With hiking on the West Coast Trail increasing this spring, tourism operators at Nitinat Narrows are seeing economic benefits. (Submitted photo)
Tourist traffic is ramping up on the West Coast Trail, and the creation of a third entrance to the historic hiking path has provided a welcome economic boost for Ditidaht First Nation.
Originally hacked out of the wilderness as a lifesaving trail between Port Renfrew and Bamfield in 1907, the West Coast Trail is part of Pacific Rim National Park, and operated by Parks Canada in partnership with Ditidaht, Pacheedaht and Huu-ay-aht First Nations. Since 2014, visitors have had the option of starting their journey at Nitinat Narrows.
For hikers with the mandatory Trail Use Permits, that means staying overnight at the Nitinat Lake Motel, having dinner at Carl’s Crab Shack (included), then getting up next morning for orientation at the Ditidaht First Nation Nitinat Lake Visitor Centre (which doubles as a General Store). Then it is time for the water taxi ride down the lake, followed by a ferry ride across the Narrows to the Trail entrance at Wya. The season runs from May 1 through Sept. 30.
“As of the 1st, we have been steady-busy,” Rachel Mathiassen told Ha-shilth-sa, noting that the hiking parties include school groups taking advantage of the new access to the Trail.
Visitor Centre Manager and Ditidaht member Ann Pettet explained that while hikers can spend up to 14 days hiking the entire Trail, the Nitinat Narrows entrance opens up a range of options, especially when combined with the Nitinat Triangle Canoe Route, which links Hobiton, Squalicum and Tsusiat Lakes.
“Our school groups typically start on the Nitinat Triangle. They portage their canoes into Hobiton Lake, then hike into the West Coast Trail. Another school group starts at Pachena Bay. They meet up, swap backpacks and canoes, and come out the other end. So they do a portion of canoeing and backpacking.”
The Nitinat Triangle is also part of Pacific Rim National Park, and specific fees and permits are required depending on the planned itinerary, Pettet explained. The Trail requires overnight passes, while the Triangle requires day passes.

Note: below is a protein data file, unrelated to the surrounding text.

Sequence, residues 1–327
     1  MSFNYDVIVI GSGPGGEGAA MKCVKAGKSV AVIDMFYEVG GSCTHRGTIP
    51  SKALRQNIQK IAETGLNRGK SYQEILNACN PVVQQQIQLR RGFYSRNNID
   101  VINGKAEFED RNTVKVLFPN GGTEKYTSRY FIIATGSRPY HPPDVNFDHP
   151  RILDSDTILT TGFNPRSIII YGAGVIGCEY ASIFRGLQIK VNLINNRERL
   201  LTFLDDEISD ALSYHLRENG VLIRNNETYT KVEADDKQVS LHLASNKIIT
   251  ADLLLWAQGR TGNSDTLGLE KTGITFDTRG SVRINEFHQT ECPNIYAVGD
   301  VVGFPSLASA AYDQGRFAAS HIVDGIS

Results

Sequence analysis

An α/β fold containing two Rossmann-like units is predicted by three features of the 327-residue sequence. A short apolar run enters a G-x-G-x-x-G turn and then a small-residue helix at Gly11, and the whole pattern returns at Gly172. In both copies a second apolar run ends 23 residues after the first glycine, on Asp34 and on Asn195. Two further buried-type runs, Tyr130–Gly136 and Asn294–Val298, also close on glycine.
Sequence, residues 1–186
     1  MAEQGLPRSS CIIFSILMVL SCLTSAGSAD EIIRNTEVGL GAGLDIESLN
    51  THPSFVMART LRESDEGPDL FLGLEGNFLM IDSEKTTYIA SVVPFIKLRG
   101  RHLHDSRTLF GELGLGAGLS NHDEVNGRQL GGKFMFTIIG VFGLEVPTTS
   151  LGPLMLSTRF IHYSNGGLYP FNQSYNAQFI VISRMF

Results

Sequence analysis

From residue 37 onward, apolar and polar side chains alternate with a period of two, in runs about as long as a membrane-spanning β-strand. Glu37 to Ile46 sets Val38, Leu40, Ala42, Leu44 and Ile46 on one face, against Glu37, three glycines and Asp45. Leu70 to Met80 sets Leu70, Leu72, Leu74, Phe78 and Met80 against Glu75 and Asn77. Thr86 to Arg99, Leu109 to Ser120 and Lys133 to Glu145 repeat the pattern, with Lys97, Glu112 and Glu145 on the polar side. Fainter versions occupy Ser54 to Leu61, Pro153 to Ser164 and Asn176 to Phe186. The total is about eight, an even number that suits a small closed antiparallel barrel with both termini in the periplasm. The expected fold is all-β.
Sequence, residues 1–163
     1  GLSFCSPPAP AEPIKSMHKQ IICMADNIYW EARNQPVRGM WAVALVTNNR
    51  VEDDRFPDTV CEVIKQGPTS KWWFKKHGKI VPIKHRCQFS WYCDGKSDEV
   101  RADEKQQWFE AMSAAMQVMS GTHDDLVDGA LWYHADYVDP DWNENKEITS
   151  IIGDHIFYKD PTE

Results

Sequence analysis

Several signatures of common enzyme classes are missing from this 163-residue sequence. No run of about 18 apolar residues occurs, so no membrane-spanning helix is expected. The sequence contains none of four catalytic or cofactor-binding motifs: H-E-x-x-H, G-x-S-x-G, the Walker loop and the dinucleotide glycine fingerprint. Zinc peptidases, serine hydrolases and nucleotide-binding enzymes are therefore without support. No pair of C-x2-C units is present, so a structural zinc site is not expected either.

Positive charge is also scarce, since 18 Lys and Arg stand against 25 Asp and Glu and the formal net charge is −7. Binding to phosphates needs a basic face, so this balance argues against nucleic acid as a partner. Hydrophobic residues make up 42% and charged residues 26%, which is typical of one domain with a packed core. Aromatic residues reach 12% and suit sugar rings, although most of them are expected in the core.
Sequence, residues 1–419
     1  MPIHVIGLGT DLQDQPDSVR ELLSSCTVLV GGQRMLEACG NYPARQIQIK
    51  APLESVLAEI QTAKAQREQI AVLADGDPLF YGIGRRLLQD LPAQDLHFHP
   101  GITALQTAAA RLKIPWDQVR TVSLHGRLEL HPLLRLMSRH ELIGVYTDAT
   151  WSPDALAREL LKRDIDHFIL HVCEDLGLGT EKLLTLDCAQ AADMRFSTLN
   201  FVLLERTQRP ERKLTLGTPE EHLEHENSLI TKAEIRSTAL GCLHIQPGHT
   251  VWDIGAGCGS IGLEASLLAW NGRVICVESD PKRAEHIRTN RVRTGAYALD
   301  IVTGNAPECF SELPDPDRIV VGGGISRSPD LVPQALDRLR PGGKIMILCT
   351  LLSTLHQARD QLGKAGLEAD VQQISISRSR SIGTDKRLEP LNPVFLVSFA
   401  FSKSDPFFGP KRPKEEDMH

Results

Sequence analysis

“We are limited to 25 (overnight passes) per day, either standby or advance. We do have a bit of flexibility, because it is our territory,” she said. “We already expect 1,000 for the season, pre-booked.” That is [for visitors] just coming through us.”
Visitors who chose the Nitinat Narrows entrance can hike north 32 kilometres to Pachena Bay or take the longer (43 kilometres) southern stretch to Port Renfrew.
Since becoming a new Trail terminal, the economic activity has ramped up to match the increased visitor traffic, Pettet said. The General Store/Visitor Centre is part of the Ditidaht Development Corporation (DDC), which negotiated the contract with Parks Canada for the third entrance.
“We also have something called Comfort Camping. It’s on one of the old family reserves on Tsuquada Point,” she said.
“It’s canvas tents with cots. It provides a little bit of shelter. It’s for people who don’t want to do the entire Trail, but want to have a taste of what it’s like on what I call ‘the Edge of the World’,” Pettet said.
Because of the rough water at Tsuquada Point, campers must hike 2.5 kilometres from the Trail entrance to the Comfort Camping site. But from that point, they are free to explore as desired.
The Comfort Camping permit fee is a fraction of the full Trail fee.
All told, the growing tourism picture is part of an overall strategy as Ditidaht moves forward in treaty negotiations, according to DDC director Jack Thompson Sr.
“It’s all part of our economic development strategy, and hopefully, it will become a big thing,” Thompson said. “We are currently in the treaty process in partnership with our neighbour, Pacheedaht.”
While the main focus is on obtaining Aboriginal title to lands and resources, Thompson said Pacific Rim National Park forms part of the bigger treaty picture.
“We are dealing with Parks Canada, but the details remain confidential while negotiations are in progress,” he said.
DDC executive director Bryan Cofsky said Ditidaht began negotiating with Parks Canada nearly 20 years ago, and the process has evolved considerably.
“There was an issue with the West Coast Trail being an ungazetted trail. Parks [Canada] was using it without any First Nations consultation at all,” Cofsky said. “So rather than litigation, we began conversation, which always works better in the end.”
That led to the creation of the Ditidaht Parks Cooperative Management Board, which is made up of three Ditidaht members and three (or four) Parks Canada representatives.
“The third entrance negotiations started five or six years ago. The early negotiations were mainly for compensation for the use of the right-of-way,” he explained. “Once we got that under our belt, we started looking for [mutual] economic opportunities.”
“We provide the same orientation that visitors receive at [Port Renfrew and Pachena Bay],” she said. “When we do the orientation we mention each territory, whether it is Pacheedaht, Ditidaht or Huu-ay-aht.
“We do make a note that, because Huu-ay-aht is part of the Maa-Nulth Treaty, there are the Treaty Settlement lands. This is acknowledged on the signage. And there are [areas] that are out of bounds,” Pettet said. “We do talk about that. And we will soon be ‘Treaty Settlement’ as well,” she added.